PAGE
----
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I need to get dd2 in a routine.

(21 Posts)
ionesmum Fri 11-Mar-05 15:17:36

My dd2 is nearly one and we're in no kind of routine re. feeding. She doesn't drink out of a cup very much so still breastfeeds more or less on demand. Also she still breastfeeds to sleep and has at least one night feed. I can't leave the house for more than two hours' without her and I need to start going out and getting some sort of predictability to our days - but I don't want to stop bf. Where to I start?

Thanks in advance!

PrettyCandles Fri 11-Mar-05 15:20:34

Do you always start the day at the same time? I found it very helpful when trying to establish routines to make sure that, no matter what had happened the previous day (or night! ), the baby started the day at the same time.

ionesmum Fri 11-Mar-05 20:34:29

Hi, prettycandles. Thanks for taking the trouble to reply. We start our day at around 8 a.m., but sometimes dd2 will fall asleep mid-morning, in which case her afternoon nap either doesn't happen at all (so a grumpy dinner time) or it gets put back (so she isn't tired at bedtime). Then there's the fact that I never know when she'll want a feed, so I can't leave her for long. I need to be able to go out again - I've had one night out in three years!

hercules Fri 11-Mar-05 20:37:19

You can go out!! I went to work full time when dd was 5 months and in no sort of routine with bfs. She managed fine and I stopped expressing around 8 months. She simply takes more solids when I'm away and I feed her whenever when I am at home.
Just go out!

hercules Fri 11-Mar-05 20:38:37

Leave her with dh and go out. She will be fine. If she is thirsty and wont use a cup then let get whoever is with her to hold a lidless cup of water to her and she will drink if she wants to.

emkana Fri 11-Mar-05 20:40:10

Hi ionesmum,

my dd2 is 19 months now, and I still don't have a b/feeding routine. Never had one with dd1 either and she fed until she was over 2! But what I found with both my daughters at the age that your daughter is now is that you can feed them when you're around, but they can also get by without you if you're not around. Just go out for as long as you need to! Whoever is looking after her can try and distract her with other things - things that work for us are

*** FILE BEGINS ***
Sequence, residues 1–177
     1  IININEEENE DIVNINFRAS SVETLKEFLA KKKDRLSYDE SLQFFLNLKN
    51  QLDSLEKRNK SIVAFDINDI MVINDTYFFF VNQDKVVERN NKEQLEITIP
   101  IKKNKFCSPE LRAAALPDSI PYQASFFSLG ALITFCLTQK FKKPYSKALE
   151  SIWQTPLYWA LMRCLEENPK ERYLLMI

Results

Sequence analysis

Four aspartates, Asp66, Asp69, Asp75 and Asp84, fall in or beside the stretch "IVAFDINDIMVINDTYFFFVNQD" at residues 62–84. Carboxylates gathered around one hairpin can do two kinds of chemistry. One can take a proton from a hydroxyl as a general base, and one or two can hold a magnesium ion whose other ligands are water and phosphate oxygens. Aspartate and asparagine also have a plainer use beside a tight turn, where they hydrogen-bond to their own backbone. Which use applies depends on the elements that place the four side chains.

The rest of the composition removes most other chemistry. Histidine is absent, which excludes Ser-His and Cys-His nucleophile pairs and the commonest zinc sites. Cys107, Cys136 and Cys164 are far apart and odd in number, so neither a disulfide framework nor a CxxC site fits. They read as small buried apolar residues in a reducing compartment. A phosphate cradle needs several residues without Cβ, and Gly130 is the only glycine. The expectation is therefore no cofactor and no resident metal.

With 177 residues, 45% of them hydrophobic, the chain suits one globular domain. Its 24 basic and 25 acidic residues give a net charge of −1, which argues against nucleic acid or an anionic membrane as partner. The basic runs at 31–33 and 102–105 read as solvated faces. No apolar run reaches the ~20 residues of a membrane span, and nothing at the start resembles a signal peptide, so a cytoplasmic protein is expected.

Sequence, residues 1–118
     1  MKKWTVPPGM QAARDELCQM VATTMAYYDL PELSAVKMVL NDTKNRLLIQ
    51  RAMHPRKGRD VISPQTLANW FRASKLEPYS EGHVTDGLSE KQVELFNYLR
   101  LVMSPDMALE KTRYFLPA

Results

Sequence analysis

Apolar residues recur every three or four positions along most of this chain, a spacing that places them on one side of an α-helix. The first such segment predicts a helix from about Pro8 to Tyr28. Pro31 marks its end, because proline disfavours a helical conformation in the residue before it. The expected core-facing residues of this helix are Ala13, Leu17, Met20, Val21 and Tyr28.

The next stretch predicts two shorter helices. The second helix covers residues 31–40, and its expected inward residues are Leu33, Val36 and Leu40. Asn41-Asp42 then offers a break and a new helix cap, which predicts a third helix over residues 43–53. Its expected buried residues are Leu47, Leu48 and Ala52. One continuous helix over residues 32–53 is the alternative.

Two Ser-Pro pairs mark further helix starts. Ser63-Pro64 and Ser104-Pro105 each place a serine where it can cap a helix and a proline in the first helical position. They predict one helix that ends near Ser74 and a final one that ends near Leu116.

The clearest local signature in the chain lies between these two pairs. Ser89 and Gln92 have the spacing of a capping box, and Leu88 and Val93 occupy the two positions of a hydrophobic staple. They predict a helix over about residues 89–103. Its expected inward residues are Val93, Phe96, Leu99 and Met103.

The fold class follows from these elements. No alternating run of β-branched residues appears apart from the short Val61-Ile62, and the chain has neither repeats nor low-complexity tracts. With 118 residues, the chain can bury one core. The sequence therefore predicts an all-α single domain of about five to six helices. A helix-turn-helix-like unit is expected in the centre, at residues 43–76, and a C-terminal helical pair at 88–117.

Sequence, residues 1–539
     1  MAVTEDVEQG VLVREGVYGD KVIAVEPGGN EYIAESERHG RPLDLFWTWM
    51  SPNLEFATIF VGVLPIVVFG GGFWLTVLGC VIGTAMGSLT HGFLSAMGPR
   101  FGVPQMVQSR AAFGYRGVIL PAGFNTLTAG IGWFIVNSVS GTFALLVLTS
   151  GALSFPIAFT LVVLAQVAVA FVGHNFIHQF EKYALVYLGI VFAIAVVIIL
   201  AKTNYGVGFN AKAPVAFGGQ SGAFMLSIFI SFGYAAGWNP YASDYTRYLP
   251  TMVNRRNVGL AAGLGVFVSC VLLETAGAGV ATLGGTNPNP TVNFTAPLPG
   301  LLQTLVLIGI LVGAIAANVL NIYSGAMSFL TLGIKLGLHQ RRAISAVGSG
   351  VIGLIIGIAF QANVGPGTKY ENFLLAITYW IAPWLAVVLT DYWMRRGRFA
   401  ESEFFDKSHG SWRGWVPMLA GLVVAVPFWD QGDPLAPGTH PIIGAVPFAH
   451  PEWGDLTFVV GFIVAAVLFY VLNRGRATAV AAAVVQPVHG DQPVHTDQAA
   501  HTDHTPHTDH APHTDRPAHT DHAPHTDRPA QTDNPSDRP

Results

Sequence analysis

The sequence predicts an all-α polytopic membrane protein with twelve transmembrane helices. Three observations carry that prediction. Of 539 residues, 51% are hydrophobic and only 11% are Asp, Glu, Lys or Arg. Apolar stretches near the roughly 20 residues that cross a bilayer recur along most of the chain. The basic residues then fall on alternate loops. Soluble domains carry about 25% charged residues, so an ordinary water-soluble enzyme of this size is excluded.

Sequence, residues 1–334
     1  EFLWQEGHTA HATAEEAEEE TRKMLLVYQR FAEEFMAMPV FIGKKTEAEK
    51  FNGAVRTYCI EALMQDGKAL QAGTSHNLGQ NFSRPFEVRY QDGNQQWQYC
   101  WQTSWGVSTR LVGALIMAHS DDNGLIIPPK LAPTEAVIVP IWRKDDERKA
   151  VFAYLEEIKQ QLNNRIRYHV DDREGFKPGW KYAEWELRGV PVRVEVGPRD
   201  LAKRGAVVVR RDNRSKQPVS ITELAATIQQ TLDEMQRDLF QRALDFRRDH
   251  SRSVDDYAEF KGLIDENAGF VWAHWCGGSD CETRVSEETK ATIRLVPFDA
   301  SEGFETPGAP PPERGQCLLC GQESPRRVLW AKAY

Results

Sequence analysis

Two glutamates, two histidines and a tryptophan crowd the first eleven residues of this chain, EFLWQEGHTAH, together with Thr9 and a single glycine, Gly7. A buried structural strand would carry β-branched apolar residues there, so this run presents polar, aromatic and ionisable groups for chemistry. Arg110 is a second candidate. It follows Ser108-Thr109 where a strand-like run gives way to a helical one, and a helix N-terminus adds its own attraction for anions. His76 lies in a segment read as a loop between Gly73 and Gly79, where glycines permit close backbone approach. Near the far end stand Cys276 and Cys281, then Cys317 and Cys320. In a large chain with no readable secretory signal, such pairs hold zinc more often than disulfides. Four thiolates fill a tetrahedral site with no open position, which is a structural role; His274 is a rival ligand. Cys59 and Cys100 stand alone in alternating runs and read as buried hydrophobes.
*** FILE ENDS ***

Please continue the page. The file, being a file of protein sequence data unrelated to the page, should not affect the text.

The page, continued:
a/ snacks
b/ cow's milk in a bottle
c/ watching Teletubbies - a firm favourite! If dd1 or dd2 woke up while I was out and I couldn't feed them back to sleep then he would watch TT with them and they were more than happy and often fell asleep again.

Also I started after one year to not feed whenever wherever - so I tried to get away from feeding in public, again trying to distract/offer snacks or another drink. This was difficult initally, but go better and better. Now dd2 still asks for milk whenever she likes, but she actually understands now if I say "Later!" or "wait".

Good luck!

HappyMumof2 Fri 11-Mar-05 20:42:27

Message withdrawn

ionesmum Fri 11-Mar-05 20:52:38

Thanks for the advice, I feel like a bit of an idiot really but I can't stand the thought of her crying and wanting me. Dd2 doesn't eat a lot in that way of solids, which doesn't really help.

Thanks again, I will have to be firm on the cup thing!

PrettyCandles Fri 11-Mar-05 20:54:51

My two still needed two naps a day at that age. I tried to start the day at about 7 (but dd insisted on a 6-6.30 start) with a short nap of 30m-1h max at about 9.30 or 10, lunch at 11.30 or 12, another nap at about 1 or 1.30, and getting them up by 3.30 no matter how much or how little they had slept. A snack after the afternoon nap and supper at about 5 or 5.30. Bedtime about 7-7.30.

I think that it might be a good idea to work on dropping the night feeds before trying to structure the daytime feeds. TBH (and I'm pro-Gina) I don't think that having no routine to daytime breastfeeds is a big deal at this age. But it's harder to make changes if you're tired, you and your dd, which is why I think the night feeds should be your priority.